Therefore, we should celebrate the approach of Christmas, which marks the birth of Jesus, the Anointed One, with whom Gautama, the Awakened One, would have found much common ground. Like the Buddha, the mother of Jesus had celestial visions foretelling Jesus’ birth and greatness.  Like the Buddha, Jesus’ birth tells a lot about his message and his audience.

Unlike the Buddha, Jesus was born into a poor family in humble, i.e. impoverished,  circumstances. Shortly after Jesus’ birth, the Holy family is forced by political strife to flee to, and live as refugees in, another country. They do not return home until there is change in political leadership.

It is not surprising then when we encounter Jesus, as an adult,  hanging out with and teaching the impoverished, the oppressed, and the outcasts. His teachings and stories are grounded in the everyday struggles and experiences of a people living in difficult situations with little if any political power or social standing. The miracles that surround Jesus address concrete needs: Hunger, Sickness, Death, and Hope.

The Christian message is not the same as the Buddhist Dharma.  Nevertheless, we should honor Jesus and learn from and be challenged by his teachings.  We should appreciate similarities, praise lives lived in deep faith, and rejoice in all good that is done in the name of Jesus.

Most importantly, we should celebrate the hope and promise that the baby Jesus offers a world filled with war, poverty, and discrimination.  Jesus offers us Love: Love as a way of life and as cure for the ills of the world.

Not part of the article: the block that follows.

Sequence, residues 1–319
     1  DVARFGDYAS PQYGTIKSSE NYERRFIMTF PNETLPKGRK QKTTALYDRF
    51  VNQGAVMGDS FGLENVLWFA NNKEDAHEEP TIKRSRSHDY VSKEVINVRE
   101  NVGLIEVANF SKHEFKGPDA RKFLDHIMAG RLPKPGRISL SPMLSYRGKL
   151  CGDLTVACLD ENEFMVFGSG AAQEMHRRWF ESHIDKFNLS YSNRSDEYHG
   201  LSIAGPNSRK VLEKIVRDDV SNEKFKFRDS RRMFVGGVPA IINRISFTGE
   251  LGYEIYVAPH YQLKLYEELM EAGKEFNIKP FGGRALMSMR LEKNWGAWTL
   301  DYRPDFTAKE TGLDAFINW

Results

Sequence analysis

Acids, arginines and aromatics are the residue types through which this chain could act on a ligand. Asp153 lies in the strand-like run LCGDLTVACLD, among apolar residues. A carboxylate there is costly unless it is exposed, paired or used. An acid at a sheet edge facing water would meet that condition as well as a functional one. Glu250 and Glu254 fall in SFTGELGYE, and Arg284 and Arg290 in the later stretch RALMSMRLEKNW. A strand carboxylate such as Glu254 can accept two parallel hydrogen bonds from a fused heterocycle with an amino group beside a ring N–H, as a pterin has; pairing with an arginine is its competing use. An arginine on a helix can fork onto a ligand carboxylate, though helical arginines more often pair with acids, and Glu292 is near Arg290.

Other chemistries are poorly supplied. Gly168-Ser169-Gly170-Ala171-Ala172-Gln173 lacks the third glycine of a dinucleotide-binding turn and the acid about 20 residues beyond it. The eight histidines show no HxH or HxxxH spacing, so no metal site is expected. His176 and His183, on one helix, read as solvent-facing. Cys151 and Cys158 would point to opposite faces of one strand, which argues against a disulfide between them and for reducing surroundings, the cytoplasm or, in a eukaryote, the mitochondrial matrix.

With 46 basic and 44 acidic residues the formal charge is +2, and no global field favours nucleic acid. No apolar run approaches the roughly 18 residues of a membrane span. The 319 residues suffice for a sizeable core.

Namo Amida Bu!

Peace, Paul

The Awakened Heart

December 13, 2013

Personally I find the practice of Noble Speech to be one of the harder religious practices.  It is not difficult because I am running around cursing, or slandering, or gossiping. No. It is difficult because it is so easy to hurt someone’s feelings or cause pain and misunderstanding with speech.

Speech is a reflection of our thoughts. The words we choose, the phrases we use, the tones we affect, all arise out of our own insecurities and fears. Unfortunately, it is this crippling self obsession which closes our hearts to the individuals around us. It is not that we are rude or even unkind.  We are just unable to connect with others at the heart level, the level of love.

A regular, i.e. daily, spiritual discipline of prayer, study, and ethical living can go a long way to opening the heart. We cannot, however, force the heart to open.  The heart awakens in response to the call of that which is beyond self.  In our tradition Amida Buddha is that which is beyond self. The Nembutsu, “Namo Amida Bu”, is the voice of the Buddha calling to us from beyond self.

Sometimes we can hear the Buddha calling us, almost steering us on an unknown but True Course.  Other times we feel lost and can only hear ourselves calling out “Namo Amida Bu”.

“Namo Amida Bu” is the action of the Tathagatha’s measureless compassion upon our hearts and in our world.  To recite “Namo Amida Bu” is to cling to the Buddha amidst the turmoil and challenges of our daily lives.

“Namo Amida Bu” is also speech. It is Noble Speech. It is the speech of an Awakened Heart. Yet over and over again I forget the Dharma, forget the Buddha, forget all but myself and speak in ways that hurt and wound.

Namo Amida Bu!

Ananda